The vast majority of golf carts that you see zooming around out on the course are not gas-powered; in fact, they are electric-powered golf carts.
Many people believe these electric golf carts are good for the environment, but in all honesty, that is up for open debate; one thing is for sure, electric-powered golf carts are much quieter than their gas counterparts. But with all the positives that come with the golf cart, one big problem can not be overlooked; electric batteries.
At some point, you’re going to have to charge your electric golf cart battery; but when? Let’s find out.
Factors That Affect Your Cart Battery
As with most batteries, whether it be a car, phone, or in this case, a golf cart, several factors can affect the life and performance of your battery. Below I will outline six of the most critical factors that affect your golf cart battery and can help you choose the right golf cart.
1. Overcharging Your Battery
Just like your iPhone, one of the worst things you can do is overcharge your golf cart battery. When the battery continues to charge, the internal workings of the battery start to “cook,” and it can literally fry the inside. If you’re guilty of leaving your golf cart battery connected to the charger, stop it now.
Luckily, most of the new chargers have automatic kill switches meaning once the golf cart battery is fully charged, the charger automatically turns off. Now, assuming there’s no malfunction with your charger, you shouldn’t have to worry about overcharging your golf cart battery.
That being said, many golf courses and private individuals still have the older models of electric golf carts, which means you’ll have to keep a close eye on the battery and be sure not to overcharge it.
2. Proper Maintenance Of Your Golf Cart Battery
Lack of maintenance is a killer for any electric golf cart battery, but unfortunately, it’s one of the most common mistakes that people make. Golf cart batteries need to be topped up with water at least once a month, and not just any water either.
Distilled water is the water of choice when it comes to filling up your cart battery. Whatever you do, though, steer clear of tap water as it has tons of harmful chemicals that can destroy the internal workings of your golf cart battery. Ensuring your golf cart battery is fully charged will also help prolong the battery’s life.
Maintaining your golf cart battery also includes cleaning and wiping it down to help keep dirt, grime, and particularly rust from forming. If you do see some rust starting to form, take a wire brush and give it a good scrub; it’s not rocket science; you just need a bit of elbow grease to get it loose.
Other maintenance tasks such as charging your golf cart battery after each use and keeping them topped up will go a long way to prolonging your battery. Never leave your golf cart battery uncharged for long periods of time. Finally, ensure your battery is empty or close to it before recharging; this is healthy for the battery’s life.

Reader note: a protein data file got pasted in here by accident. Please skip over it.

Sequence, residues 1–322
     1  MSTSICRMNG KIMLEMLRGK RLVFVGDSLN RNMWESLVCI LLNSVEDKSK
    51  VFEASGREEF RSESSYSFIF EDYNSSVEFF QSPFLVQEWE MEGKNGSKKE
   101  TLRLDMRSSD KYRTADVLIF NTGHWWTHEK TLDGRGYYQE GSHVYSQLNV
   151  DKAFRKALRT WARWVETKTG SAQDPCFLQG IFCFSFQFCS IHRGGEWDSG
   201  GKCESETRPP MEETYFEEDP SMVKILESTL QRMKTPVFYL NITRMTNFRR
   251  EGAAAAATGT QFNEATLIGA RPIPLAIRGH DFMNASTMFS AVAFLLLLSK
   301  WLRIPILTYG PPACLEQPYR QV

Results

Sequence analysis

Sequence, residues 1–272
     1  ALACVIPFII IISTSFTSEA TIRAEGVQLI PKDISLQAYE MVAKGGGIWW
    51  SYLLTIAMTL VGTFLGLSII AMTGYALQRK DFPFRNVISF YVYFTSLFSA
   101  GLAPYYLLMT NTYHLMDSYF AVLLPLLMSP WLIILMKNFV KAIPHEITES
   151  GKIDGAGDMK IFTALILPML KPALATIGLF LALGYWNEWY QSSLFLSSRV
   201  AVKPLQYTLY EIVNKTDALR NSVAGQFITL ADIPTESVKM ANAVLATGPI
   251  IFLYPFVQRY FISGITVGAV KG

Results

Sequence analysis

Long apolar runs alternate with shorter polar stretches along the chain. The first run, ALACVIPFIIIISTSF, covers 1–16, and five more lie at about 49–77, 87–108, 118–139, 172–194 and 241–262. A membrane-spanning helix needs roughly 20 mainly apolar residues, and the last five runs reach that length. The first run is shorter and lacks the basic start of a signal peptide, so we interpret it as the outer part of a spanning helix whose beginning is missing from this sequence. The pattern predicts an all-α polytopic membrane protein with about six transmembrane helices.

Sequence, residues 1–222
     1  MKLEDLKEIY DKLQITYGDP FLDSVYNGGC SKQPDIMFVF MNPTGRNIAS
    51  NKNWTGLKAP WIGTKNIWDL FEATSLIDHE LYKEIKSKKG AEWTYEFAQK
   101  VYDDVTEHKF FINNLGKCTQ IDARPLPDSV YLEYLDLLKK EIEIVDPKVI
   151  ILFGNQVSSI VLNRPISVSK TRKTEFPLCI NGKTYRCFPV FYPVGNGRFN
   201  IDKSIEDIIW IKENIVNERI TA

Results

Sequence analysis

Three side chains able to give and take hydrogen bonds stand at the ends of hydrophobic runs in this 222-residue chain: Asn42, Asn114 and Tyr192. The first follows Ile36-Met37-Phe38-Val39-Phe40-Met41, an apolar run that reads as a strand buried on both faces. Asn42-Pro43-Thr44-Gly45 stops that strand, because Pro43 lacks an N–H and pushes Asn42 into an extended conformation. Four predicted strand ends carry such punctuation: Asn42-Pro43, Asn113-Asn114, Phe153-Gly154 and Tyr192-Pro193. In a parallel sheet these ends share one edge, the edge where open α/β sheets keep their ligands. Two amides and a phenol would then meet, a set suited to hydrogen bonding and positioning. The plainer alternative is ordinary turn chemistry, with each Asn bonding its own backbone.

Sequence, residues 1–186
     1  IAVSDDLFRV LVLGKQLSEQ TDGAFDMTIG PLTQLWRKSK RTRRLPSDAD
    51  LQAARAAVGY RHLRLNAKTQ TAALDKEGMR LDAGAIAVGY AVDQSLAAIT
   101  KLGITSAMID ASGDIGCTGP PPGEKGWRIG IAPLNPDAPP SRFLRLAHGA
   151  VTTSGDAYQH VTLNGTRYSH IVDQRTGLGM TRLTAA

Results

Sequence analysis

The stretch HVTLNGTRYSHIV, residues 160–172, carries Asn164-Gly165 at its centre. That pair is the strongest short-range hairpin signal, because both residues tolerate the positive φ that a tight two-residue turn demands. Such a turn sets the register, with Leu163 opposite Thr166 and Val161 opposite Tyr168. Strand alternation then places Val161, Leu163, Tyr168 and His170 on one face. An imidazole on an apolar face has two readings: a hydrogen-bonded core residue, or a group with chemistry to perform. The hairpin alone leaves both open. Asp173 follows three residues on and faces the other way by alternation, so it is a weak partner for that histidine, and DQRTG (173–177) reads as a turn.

3. Golf Cart Battery Brands And Quality
Golf cart batteries are just the same as any other device or piece of equipment; you get what you pay for. You can opt for a number of budget models and brands on the market, but when it comes to golf cart batteries, reputable brands are your best option.
Well-known brands are more expensive, but with that, you get a battery with a longer life, a rock-solid warranty, excellent customer service, and peace of mind. In the long run, I think you save more money by paying a little bit more upfront.
Most average golf cart batteries last 3-5 years, but if you want one that can last up to ten, you’ll need to cough up some extra cash.
4. How Often You Use Your Cart Battery
Golf carts vary in how much they are used. For example, golf carts at golf courses are used much more than a privately owned cart. Generally speaking, fleet golf carts are used for 2 to 3 rounds before the maintenance staff plugs them in to top the batteries up. These cart batteries last between 3-5 years before they have to be replaced.
Privately owned golf cart batteries typically last a few years longer just because they aren’t being used as much. A privately owned golf cart battery can last up to 10 years, but only if the battery has been properly maintained.
5. Golf Cart Accessories and Extras
Many golf carts are decked out with soundbars, speakers, cooler boxes, navigation, window wipers, horns, and even headlights. Simply put, the more accessories your golf cart has, the quicker your battery life will diminish.
That being said, if you follow the tips outlined above, the negative effect on your golf cart battery should be minimal. Just be sure to run the battery down to empty each time before recharging it.
6. Properly Storing Your Golf Cart Battery
Finally, ensure that if you store your golf cart battery for long periods, you keep it in a cool, dry place. Leaving your cart battery exposed to the heat for long periods will significantly reduce the battery’s life.
While cooler climates are more suitable for battery life, you don’t want to store them in freezing temperatures. Lastly, check the battery once a month to keep it topped up.